Skip Navigation or Skip to Content
Person putting Lanolin Nipple Balm into purse

Lanolin: Your Breastfeeding Nipples’ New Best Friend

Why Lanolin?

Lanolin has been used for centuries dating back to ancient Greece for all manner of skincare.1 It has become particularly popular for soothing nipples that are cracked and sore from breastfeeding because of its proven efficacy and benefits for our skin:

  • Intense Moisture: Lanolin’s molecular structure closely resembles the oils produced by human skin, making it an exceptional moisturizer.2 Lanolin is considered an “occlusive” type of moisturizer. Occlusives are generally thicker and waxy in nature compared to other types of moisturizers, and it creates a hydrating barrier to effectively lock in moisture and prevent dryness.3
  • Protects Skin: Lanolin forms a protective barrier on the skin’s surface, shielding it from external irritants and creating an environment to help the skin’s natural regeneration process for healing.3 This makes it a popular choice for treating skin conditions like eczema, psoriasis, dermatitis, and of course, nipple pain from breastfeeding.
  • Sustainable and Cruelty-Free: Lanolin comes from a sustainable resource, sheep! While it is an animal product, lanolin is collected during the shearing process – which causes them no harm. In fact, sheep need to be sheared regularly for their own comfort and wellbeing. The lanolin is collected from the sheared wool and purified for use, when it would otherwise be thrown away.
  • Versatility: Lanolin’s versatility makes it a staple for skin and haircare products to this day, and can be found in a multitude of creams, lotions, balms, lip care products, and more. It can even be used for lubrication, polishing, and waterproofing certain items.
  • Exceptional for Nipple Care: Lanolin serves as a key ingredient in nipple creams and balms for nursing mothers, providing relief from soreness and irritation from breastfeeding. Not only is it an exceptional moisturizer, but allergies to lanolin are rare and it is considered safe for babies. For instance, with Dr. Brown’s Lanolin+ Nipple Balm, you don’t even need to clean or wipe off your breast before breastfeeding. And if you are breast pumping, using nipple balm to lubricate your nipples and/or flanges can make it more comfortable and help reduce friction.

But What Exactly is Lanolin?

Lanolin is a natural substance produced by a sheep’s oil glands, and acts as a protective barrier to keep the sheep’s wool soft and moisturized, much like what our own sebum (oil) on our skin does.4 It also helps waterproof a sheep’s coat so they can shed water off their wool rather than absorbing it.5 Lanolin is collected from wool after the sheep has been sheared and is then purified resulting in a waxy, moisturizing substance that’s a natural solution for dry, irritated skin.2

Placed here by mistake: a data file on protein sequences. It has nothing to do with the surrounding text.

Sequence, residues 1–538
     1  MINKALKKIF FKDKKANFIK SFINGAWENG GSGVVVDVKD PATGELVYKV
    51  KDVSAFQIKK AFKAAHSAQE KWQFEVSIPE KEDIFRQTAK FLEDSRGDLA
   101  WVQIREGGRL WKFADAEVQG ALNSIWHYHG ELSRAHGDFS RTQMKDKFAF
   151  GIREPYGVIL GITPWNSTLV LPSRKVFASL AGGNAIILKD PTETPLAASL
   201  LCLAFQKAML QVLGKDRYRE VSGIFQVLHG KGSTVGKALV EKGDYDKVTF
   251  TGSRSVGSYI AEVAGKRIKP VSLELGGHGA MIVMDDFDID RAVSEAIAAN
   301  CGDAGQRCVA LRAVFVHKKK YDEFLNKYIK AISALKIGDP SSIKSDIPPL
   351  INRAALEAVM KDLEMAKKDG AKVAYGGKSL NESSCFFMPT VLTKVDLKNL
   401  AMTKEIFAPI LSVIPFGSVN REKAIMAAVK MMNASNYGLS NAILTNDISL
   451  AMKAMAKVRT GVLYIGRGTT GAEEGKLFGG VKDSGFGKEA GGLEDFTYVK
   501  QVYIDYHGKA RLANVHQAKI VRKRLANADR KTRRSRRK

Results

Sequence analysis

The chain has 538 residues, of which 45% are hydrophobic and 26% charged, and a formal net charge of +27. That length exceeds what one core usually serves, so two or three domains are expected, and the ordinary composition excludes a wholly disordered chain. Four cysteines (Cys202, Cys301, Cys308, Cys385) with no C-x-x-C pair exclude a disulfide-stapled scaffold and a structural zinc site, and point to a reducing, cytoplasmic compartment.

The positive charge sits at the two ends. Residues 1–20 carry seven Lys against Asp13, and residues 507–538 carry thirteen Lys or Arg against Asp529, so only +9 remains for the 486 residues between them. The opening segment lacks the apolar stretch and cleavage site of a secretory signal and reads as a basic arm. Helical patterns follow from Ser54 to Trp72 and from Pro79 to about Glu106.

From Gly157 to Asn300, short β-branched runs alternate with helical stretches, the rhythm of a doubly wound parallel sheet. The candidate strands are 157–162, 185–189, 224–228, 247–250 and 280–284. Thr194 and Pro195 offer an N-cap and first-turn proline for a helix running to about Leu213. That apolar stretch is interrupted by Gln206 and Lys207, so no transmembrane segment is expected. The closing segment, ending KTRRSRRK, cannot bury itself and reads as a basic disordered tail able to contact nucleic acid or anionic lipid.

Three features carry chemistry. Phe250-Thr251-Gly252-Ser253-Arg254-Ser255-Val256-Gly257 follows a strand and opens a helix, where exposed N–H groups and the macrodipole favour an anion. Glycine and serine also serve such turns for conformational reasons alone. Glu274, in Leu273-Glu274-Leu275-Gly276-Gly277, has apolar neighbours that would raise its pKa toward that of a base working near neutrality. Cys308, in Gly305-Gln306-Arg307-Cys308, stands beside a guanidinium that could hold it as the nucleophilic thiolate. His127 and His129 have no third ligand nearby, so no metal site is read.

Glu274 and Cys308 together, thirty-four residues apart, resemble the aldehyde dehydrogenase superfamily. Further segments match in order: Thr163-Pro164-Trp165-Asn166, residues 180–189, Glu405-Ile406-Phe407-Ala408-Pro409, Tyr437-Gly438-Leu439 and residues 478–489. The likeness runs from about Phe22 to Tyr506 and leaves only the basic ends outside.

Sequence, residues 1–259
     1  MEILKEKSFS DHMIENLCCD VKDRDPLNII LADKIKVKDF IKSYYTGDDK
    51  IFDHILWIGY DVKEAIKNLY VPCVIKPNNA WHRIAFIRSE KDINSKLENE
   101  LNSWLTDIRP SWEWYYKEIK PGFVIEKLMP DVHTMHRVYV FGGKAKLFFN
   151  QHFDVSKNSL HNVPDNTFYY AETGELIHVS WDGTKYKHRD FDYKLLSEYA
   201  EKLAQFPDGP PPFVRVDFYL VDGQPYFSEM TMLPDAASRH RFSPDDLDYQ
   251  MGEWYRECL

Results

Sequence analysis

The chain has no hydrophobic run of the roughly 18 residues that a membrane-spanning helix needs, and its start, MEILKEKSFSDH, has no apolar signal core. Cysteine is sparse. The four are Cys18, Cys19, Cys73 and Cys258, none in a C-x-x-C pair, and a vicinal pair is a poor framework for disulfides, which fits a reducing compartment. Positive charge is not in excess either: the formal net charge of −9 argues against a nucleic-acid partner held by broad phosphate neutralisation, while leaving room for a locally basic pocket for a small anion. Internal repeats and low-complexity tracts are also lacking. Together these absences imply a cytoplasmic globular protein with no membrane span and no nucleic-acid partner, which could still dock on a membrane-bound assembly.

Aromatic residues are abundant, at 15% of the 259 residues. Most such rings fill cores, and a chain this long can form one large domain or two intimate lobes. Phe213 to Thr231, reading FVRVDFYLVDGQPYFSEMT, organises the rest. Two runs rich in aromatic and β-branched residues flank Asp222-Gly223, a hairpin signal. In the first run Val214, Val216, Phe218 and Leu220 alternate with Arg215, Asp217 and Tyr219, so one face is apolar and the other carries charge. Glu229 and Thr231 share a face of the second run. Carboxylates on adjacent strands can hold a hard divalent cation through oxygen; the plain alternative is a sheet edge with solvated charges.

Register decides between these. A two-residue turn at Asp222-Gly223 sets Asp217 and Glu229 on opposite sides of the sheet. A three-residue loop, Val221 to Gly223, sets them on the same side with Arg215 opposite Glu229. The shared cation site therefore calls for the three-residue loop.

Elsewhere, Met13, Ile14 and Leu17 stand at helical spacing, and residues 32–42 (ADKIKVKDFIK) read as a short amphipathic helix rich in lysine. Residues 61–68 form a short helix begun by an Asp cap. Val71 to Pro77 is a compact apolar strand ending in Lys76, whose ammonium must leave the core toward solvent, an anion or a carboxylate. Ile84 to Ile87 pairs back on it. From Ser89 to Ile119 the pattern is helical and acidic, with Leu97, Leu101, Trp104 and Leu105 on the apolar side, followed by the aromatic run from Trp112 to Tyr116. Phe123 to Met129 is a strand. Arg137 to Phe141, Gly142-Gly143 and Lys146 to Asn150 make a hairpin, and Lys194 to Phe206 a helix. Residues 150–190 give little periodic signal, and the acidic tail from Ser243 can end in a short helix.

Why Does Lanolin Stand Out for Nipple Care?

In a skincare market with synthetic ingredients and chemical-laden formulations, lanolin stands out for being 100% natural and having unparalleled moisturizing capabilities. It can be ethically sourced without harming the sheep it’s collected from, and it’s safe for use on our skin and to ingest in small amounts, so you don’t have to worry about your breastfeeding baby getting it in their mouth when they feed. Lanolin is the key ingredient in Dr. Brown’s™ Lanolin+ Nipple Balm, and works with other simple yet powerful skincare ingredients, colloidal oatmeal, plant-based emollient, and beeswax, to soothe and protect sensitive nipples. And unlike other lanolin creams and ointments, it has an ultra-smooth formula that glides on without any stickiness or mess.

Nipple pain from breastfeeding is common and generally no cause for alarm, but nobody wants to deal with that kind of discomfort. Nipple balms are an easy, readily available, and effective solution (that won’t break the bank) so you and your baby can continue to breastfeed comfortably.


  1. Lee, Baily and Warshaw, Erin. “Lanolin Allergy: History, Epidemiology, Responsible Allergens, and Management.” Medscape. 1 April 2008. Accessed 29 February 2024.
  2. “Lanolin.” Science Direct. 2018. Accessed 29 February 2024.
  3. Schandra Purnamawati, MD, Niken Indrastuti, Dr, Retno Danarti, Dr, and Tatan Saefudin, MD. “The Role of Moisturizers in Addressing Various Kinds of Dermatitis: A Review.” December 2017. Accessed 26 February 2024.
  4. Climan, Anastasia, RDN, CD-N. “What is Lanolin?” verywell Health. Updated 1 November 2022. Accessed 26 February 2024.
  5. “Lanolin.” Wikipedia. Last edited 14 February 2024. Accessed 5 March 2024.
< Back to Dr. Brown's Blog

Don't miss out!

Free Shipping when you spend $25.
You are $25 away from free shipping!